When you have Parkinson's disease, you might have sudden, uncontrolled, often jerky movements. These twitches or twists can happen in your face, arms, legs, or upper half of your body.
The movements are different for everyone. Some people have them all day, while others have them before or after they take their medicine. Dyskinesia often starts a few years after treatment with the drug levodopa.
Whether you already have dyskinesia or are looking to avoid it, there are things you can do to prevent or ease the uncontrolled movements.
Levodopa changes. Your doctor may suggest that you change the amount of medicine you take or how often you take it. That way you can get enough of the drug to control Parkinson’s symptoms, but not so much that it triggers dyskinesia. Sometimes just a small change can make a big difference.
Try other medications. Other types of Parkinson’s medicines, including dopamine agonists, COMT inhibitors, or MAO-B inhibitors, may help you prevent or at least delay dyskinesia. Doctors sometimes prescribe them instead of levodopa or in addition to it. Although these drugs are less likely to cause movement issues, they often cause other symptoms, like nausea and hallucinations.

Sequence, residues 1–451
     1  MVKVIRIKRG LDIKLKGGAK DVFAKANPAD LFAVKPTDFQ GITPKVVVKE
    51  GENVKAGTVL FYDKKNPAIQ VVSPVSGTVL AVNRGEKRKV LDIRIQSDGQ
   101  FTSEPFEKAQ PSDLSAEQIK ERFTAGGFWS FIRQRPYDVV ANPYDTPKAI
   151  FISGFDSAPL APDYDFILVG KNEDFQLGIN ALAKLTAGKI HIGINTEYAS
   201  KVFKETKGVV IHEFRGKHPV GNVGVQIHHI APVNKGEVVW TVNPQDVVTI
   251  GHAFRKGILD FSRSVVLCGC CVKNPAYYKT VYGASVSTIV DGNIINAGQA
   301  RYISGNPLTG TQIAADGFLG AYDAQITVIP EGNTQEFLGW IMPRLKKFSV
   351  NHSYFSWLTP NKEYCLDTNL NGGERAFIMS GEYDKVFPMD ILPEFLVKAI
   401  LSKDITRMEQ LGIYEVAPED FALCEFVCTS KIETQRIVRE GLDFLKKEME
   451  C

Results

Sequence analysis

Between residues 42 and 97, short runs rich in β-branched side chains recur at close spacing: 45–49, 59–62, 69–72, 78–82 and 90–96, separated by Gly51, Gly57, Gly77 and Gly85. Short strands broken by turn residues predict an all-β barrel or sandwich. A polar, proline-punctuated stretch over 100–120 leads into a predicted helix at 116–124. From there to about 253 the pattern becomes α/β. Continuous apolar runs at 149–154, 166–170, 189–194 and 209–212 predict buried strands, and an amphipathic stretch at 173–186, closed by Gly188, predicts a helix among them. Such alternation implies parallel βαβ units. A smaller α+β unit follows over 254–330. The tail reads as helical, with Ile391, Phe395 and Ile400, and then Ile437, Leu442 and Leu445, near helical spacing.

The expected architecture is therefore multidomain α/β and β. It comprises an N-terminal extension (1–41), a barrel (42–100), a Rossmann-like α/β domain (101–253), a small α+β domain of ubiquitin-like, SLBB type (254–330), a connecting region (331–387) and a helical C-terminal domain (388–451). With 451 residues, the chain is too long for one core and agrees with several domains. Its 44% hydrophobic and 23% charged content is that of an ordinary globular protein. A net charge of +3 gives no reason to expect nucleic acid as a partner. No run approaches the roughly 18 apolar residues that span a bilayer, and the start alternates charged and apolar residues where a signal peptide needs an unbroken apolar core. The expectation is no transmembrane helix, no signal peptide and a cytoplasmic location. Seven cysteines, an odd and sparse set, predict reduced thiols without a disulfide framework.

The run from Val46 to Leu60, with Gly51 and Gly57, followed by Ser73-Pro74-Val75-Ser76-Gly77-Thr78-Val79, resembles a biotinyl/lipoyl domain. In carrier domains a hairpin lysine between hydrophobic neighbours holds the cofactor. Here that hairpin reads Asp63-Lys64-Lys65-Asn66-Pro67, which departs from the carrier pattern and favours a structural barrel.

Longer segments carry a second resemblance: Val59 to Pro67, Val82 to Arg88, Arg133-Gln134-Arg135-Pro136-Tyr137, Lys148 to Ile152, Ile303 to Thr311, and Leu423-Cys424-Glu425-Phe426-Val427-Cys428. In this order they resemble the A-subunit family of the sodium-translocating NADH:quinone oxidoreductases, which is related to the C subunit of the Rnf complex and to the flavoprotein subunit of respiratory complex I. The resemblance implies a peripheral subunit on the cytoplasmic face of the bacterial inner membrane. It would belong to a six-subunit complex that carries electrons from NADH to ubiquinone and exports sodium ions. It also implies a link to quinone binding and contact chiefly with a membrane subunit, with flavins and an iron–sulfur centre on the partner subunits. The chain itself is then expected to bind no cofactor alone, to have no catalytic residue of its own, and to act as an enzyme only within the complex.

Ease your stress. Stress can make dyskinesia worse, so try to find ways to relax. You may want to try massage or yoga, read a book, or talk to a friend. See what works for you. When you find something that helps you stay calm, try to make it part of your everyday routine.
Stay active. Physical activity has many benefits when you have Parkinson's. It can improve your balance and flexibility and help you with walking and hand strength. But studies show that exercise can also help control tremors and other uncontrolled movements. Talk to your doctor about what kind of activity might be best for you. Options might include walking, dancing, aerobic classes, and tai chi.
Watch what you eat. Sometimes your diet can affect your medicine and how it works. And that can have an impact on dyskinesia. For some people, protein like meat, beans, and dairy products can slow down how much of the drug levodopa the body absorbs. But don't cut protein from your diet. Instead, try taking your medicine 30 minutes or more before you eat. That gives it time to start working.
If you feel sick when you take your medicine on an empty stomach, have a snack like a few plain crackers. You might also want to try taking your medicine with lots of water to avoid nausea or other side effects.
Think about surgery. If you have serious dyskinesia, your doctor might suggest a procedure called deep brain stimulation (DBS). Your doctor puts a small device inside your brain that senses electrical signals to the parts of the brain involved in Parkinson’s symptoms. It might be an option for people who've had Parkinson's for 4 years or more and who take medicine, but still have times when drugs don't control their symptoms. It can ease or stop dyskinesia and help with Parkinson’s symptoms, too.